Using a layered approach to Cyber Security.
The University utilizes antivirus and anti-malware software, firewalls, web, and e-mail filtering to make it more difficult for ransomware to infiltrate our systems.
Systems are updated on a regular basis.
All our systems are updated on a regular basis to prevent security vulnerabilities.
We keep privileges at a minimum.
We only have a select few end-users with administrator privileges. Most ransomware can only infect at the level of privilege held by the infected user. If that user does not have privileges to change files on the network, the ransomware infection is much more likely to stay contained within that one user’s machine, preventing a much bigger problem.
Keep your critical files on Box or OneDrive.
Backing up your data is the single most effective way of combating ransomware infection. Both Box and OneDrive have versioning features that can be useful to recover affected files.
Do not click on any attachments or links from people you do not know.
One of the most important rules when protecting yourself from ransomware is making sure that you do not click on any attachments or links from people you do not know. If you do not recognize the email address, you should never click on any sort of attachment.
Always double-check if you receive an email from someone you know but you were not expecting.
You may receive an email from someone you know, encouraging you to open an attachment or click on a link. However, the email may be a bit of a surprise, i.e., something that you were not expecting. If this is the case, do not click on anything yet!
Make sure you get in touch with the person who sent it to ensure that they meant to. It could be that someone has hacked into their email and sent you ransomware this way.
Always double-check the email address
Hackers are sophisticated these days. They know how to make emails appear as they have come from someone else. They will often copy the structure, logo, font, and other common elements used by establishments such as banks and other well-known organizations, making it appear like the emails are genuine. However, one thing they cannot fake is the email address, so always double-check this.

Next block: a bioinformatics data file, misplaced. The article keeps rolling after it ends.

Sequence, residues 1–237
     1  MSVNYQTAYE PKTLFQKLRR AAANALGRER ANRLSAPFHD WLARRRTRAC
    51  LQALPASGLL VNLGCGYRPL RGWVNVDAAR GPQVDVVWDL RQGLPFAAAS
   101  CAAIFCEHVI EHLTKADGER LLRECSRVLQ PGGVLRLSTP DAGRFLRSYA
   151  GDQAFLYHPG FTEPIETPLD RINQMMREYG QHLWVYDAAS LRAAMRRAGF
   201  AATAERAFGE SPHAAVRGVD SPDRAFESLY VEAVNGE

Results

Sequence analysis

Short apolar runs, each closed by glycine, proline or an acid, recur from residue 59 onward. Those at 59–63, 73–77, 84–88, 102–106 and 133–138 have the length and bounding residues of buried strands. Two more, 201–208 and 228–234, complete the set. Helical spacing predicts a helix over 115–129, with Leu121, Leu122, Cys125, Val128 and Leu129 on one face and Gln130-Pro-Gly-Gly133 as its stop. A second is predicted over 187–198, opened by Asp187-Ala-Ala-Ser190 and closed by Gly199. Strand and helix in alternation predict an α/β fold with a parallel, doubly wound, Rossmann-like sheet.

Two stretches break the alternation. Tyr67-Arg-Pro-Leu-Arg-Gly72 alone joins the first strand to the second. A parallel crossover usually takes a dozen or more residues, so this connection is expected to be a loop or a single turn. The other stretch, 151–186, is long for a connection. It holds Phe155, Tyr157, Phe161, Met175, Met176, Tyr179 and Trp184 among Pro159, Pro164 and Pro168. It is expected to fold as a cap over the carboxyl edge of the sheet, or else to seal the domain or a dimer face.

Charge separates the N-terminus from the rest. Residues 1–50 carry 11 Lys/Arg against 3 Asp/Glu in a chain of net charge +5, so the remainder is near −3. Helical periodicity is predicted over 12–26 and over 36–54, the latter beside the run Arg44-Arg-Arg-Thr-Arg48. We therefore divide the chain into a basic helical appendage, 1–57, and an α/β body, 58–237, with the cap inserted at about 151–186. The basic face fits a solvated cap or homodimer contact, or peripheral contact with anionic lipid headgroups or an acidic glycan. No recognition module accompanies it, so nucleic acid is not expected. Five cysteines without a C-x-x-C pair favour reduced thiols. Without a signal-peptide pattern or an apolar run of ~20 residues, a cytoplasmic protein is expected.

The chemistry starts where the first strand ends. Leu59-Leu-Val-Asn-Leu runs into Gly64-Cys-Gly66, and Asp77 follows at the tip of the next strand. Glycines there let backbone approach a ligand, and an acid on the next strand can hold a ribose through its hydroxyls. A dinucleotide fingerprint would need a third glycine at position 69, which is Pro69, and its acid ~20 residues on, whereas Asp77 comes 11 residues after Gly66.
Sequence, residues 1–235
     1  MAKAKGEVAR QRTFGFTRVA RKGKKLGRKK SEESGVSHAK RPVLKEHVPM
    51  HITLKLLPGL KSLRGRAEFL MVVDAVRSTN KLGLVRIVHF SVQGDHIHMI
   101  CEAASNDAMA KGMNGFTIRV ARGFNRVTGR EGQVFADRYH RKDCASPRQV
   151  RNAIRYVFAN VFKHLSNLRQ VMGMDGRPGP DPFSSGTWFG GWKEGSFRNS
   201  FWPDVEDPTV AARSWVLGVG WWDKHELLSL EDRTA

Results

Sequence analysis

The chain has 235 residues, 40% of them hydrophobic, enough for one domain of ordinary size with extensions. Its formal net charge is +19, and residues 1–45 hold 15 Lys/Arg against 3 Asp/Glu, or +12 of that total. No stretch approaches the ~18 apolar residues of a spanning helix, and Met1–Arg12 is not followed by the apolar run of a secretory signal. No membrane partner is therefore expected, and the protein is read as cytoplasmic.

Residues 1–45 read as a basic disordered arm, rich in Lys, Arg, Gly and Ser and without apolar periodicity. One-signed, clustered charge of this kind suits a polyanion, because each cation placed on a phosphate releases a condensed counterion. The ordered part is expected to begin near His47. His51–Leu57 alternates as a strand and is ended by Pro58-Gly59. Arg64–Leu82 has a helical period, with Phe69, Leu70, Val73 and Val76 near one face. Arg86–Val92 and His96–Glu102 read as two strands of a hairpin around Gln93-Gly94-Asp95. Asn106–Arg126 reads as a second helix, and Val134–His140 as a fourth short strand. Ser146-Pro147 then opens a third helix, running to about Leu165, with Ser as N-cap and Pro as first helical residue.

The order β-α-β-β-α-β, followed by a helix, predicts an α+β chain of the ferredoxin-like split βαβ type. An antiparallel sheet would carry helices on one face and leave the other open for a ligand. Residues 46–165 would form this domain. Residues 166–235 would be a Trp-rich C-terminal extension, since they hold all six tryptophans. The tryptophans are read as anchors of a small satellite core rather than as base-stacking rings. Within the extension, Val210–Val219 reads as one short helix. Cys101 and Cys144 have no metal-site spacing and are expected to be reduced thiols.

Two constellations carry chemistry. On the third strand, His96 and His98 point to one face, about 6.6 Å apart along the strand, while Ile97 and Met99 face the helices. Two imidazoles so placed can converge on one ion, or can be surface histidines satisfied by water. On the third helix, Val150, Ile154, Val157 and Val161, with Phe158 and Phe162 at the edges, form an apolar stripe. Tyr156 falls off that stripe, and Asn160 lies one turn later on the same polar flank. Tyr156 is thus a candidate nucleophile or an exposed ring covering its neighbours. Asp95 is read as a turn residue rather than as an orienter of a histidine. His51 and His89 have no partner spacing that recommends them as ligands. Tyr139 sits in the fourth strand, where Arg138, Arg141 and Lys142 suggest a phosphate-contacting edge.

Be careful, though, as they can put the company’s email address within the email’s subject line to try and trick you, so this is something else to look out for!
Never use your work or school email address to sign up or register for anything online.
Unless it is work-related, do not use your work email address to sign-up for anything online. You should always use your personal account.
Never give out your personal information.
If you receive an email, text, or call from someone you do not know, do not give any of your personal information. Remember, we will never ask for your password in full or part over an e-mail or phone!
Do not download anything from an untrusted website.
Do not download media files or software from unknown websites. Only use trusted and verified sites if you are downloading something. There should be markers of trust, for example, HTTPS in the URL bar instead of HTTP.
Never use unknown USB sticks.
Never connect USB sticks or other storage media to your computer if you do not know where they came from. Cybercriminals may have infected the storage medium and placed it in a public place to entice somebody into using it.
Disconnect From Networks
Disconnect External Devices
Report the Incident
It is important that incidents are reported as early as possible so that campus can limit the damage and cost of recovery.
If you have access to the internet on another system e-mail us at firstname.lastname@example.org or call us at 504-988-2685.